I turned these thoughts over in my head for a while. I didn't want to stop the blog, because it is something that I enjoy. I finally came to the conclusion that I should proceed with a more humble approach. True, I have never taken the official steps of publicly affirming my faith, but that does not mean my faith is not real. I hope that the right time will come for me to officially join the church, but for now I am not going to worry about it. I know that I have an ability to write, and using that ability to share my faith the best way I can is what feels like the right thing to do. I do not claim to be an expert on religion, and there is a lot that I do not know. I do however know how to write, and how to talk to God and ask him to guide me in what I say. I am only human, and times like these will happen where I will become discouraged and confused. But these times will pass, and when they do I know I will be glad that I decided not to give up. Thank You for taking the time to read what I write. I am no expert, but I truly do have only the best of intentions from this point forward.

Friday, June 6, 2014

It Just Makes Sense.

    Tomorrow (or actually today since I am writing this the night before I post it), we will be having our last fundraiser for the mission trip. As we were at the church setting up, I was thinking about how it all came so quickly, and how it's becoming so real that I really do get to go have this experience again. There is always a small part of me that wishes someone would ask me why I chose to go on this mission trip in the first place, and why I am going again, but no one ever has. So since I decided to share my feelings with whoever chooses to read them although no one asked, I figured I might as well continue this trend and answer the question that no one asked.
     I chose to go on this mission trip last year because I felt that I was called to do so, and I am choosing to go this year because I am certain that I am called to do so. I don't use the term "called" very often because it is such a strong word, in fact I don't think I've ever said it out loud, but it feels appropriate here because that's how strongly I feel about this. I chose to do this because despite having to accept that some people I formed bonds with last year will not be returning with us, despite not being able to attend all of the fundraisers and get to know the team this year, despite every negative thing my human mind could dream up, there was never a moment when I considered that not going was even an option for me.
    I wish so much that I could explain it in a more profound way, because as I writer I'm not a fan of letting such a big thing sound so simple, but the truth is it just makes sense and that's really all there is to it. It just makes sense to me to go to a place where I feel so loved, and where I feel that I really am doing something meaningful. Last year I got on a plane, which I have never done before, and flew to a place that I had read was the most dangerous city in the world. So how could it be that as soon as we arrived at the orphanage and I received the first of many hugs from those children, I felt like I had found something that I didn't even know I was searching for?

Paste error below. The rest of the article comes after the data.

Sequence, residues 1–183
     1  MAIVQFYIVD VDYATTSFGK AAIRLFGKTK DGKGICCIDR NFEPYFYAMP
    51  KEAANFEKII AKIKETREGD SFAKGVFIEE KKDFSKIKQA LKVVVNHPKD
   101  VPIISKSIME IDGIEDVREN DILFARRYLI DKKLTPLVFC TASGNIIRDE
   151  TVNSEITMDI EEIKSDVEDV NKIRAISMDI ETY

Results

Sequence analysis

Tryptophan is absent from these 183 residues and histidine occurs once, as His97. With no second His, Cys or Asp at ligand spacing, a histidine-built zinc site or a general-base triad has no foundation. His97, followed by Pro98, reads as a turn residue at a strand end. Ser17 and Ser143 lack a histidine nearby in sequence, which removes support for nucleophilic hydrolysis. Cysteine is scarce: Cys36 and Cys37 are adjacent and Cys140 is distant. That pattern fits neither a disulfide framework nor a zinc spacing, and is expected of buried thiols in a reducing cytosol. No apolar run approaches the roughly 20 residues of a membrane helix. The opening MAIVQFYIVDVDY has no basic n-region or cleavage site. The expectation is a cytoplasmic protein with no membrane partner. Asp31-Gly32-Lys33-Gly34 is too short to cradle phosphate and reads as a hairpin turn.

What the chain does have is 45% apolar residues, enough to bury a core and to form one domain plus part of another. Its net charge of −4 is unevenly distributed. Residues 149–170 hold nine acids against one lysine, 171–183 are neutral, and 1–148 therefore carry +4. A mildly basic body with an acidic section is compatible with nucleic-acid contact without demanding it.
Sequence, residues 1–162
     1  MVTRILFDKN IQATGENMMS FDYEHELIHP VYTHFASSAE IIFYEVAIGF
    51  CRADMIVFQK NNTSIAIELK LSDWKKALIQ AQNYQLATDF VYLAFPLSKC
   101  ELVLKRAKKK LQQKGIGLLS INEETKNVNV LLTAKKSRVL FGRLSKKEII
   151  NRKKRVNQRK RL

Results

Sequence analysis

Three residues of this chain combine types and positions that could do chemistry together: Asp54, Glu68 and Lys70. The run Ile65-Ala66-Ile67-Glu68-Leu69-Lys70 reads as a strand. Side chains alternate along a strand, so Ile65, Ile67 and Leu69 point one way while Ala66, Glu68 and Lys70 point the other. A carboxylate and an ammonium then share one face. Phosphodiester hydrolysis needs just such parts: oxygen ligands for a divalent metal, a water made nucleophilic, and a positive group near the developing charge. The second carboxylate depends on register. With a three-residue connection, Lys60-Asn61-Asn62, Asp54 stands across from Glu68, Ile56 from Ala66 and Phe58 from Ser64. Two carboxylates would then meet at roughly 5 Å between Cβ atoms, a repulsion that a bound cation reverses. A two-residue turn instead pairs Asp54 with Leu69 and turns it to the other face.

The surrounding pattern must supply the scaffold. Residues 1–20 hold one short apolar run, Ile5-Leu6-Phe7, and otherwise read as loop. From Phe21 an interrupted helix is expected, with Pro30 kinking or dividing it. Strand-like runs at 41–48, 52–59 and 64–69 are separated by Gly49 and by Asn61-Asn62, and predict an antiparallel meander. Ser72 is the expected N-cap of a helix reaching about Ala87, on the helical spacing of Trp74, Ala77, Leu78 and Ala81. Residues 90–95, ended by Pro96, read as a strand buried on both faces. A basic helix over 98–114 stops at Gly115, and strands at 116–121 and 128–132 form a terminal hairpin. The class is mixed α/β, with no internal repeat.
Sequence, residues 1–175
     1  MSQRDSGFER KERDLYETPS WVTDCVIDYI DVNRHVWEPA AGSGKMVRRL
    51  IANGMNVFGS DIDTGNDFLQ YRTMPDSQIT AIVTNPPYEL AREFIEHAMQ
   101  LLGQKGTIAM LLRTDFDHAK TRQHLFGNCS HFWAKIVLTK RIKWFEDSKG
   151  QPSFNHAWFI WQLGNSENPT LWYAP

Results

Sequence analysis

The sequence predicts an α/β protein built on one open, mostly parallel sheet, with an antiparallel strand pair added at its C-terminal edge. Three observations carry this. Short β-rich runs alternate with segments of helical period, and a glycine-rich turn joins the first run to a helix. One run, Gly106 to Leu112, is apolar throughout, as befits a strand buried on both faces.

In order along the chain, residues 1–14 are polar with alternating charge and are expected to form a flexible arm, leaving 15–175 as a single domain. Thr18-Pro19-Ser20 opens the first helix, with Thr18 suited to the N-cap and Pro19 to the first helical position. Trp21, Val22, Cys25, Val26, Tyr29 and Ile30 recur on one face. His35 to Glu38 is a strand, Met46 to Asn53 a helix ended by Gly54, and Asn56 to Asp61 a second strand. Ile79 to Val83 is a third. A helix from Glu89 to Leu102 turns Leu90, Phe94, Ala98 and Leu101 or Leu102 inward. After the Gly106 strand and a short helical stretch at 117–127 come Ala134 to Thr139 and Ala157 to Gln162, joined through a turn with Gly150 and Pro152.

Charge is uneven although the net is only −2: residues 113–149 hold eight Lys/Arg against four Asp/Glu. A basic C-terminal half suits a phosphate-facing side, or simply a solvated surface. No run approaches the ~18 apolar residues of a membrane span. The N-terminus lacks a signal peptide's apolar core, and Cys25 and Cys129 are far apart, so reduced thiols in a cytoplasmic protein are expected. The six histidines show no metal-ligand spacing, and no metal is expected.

There are a lot of things in life that are hard for me to understand and accept. Things like the fact that I will always be different because of a condition that I had no choice in having, and the physical, and now maybe even mental, consequences of that condition. Things like accepting the fact that any friends of mine could be gone at any moment, and that leaders that I look up to often have to move on to other things.
     The experience of being with these children in Honduras was unlike anything I had ever experienced because there was absolutely no doubt involved, and nothing that had to be figured out. This sounds more like a love story than a description of a mission trip, but it just made sense. It just felt right. I felt like I was doing what I was born to do, and never stopped feeling that way throughout the entire trip. I felt like I was reuniting with long lost friends, when in reality I was meeting completely new people who didn't even speak my language.
I am constantly trying to explain how much this mission means to me,and I just don't feel like I'm doing it well enough, which makes me think that maybe it's time to stop trying. Maybe it's not my job to make everyone else understand what I do. That's why for this post, I will take a break from trying to convince people to please read my blog and maybe even share it. Maybe it's time to realize that I've said what I feel the need to say, and that this is not all about me and my desire for people to get something out of the things I write and for the amount of people who read my writing to grow. I think it's time for me to realize that God will take care of exposing the right people to the things I am saying, and whether that means zero or a hundred people should not be something that I try to control.

Thursday, June 5, 2014

Points of Light

 Today our mission team had a fundraiser at Chick-fil-a. and in all honesty it was not one that I approached with much enthusiasm. I was tired from working a new job three days in a row, and very frustrated with the lack of interest in all my and the rest of the team's attempted promotion of this fundraiser and the one Saturday. It can feel very discouraging when people work hard to put a fundraiser together and no one seems interested. But as soon as I arrived at this fundraiser, my mood began to improve and I forgot that I was tired. As I joked with my fellow team members and socialized with the people who came to support us, I realized that this fundraiser was not a failure at all and that I had let myself become defeated too soon like I tend to do.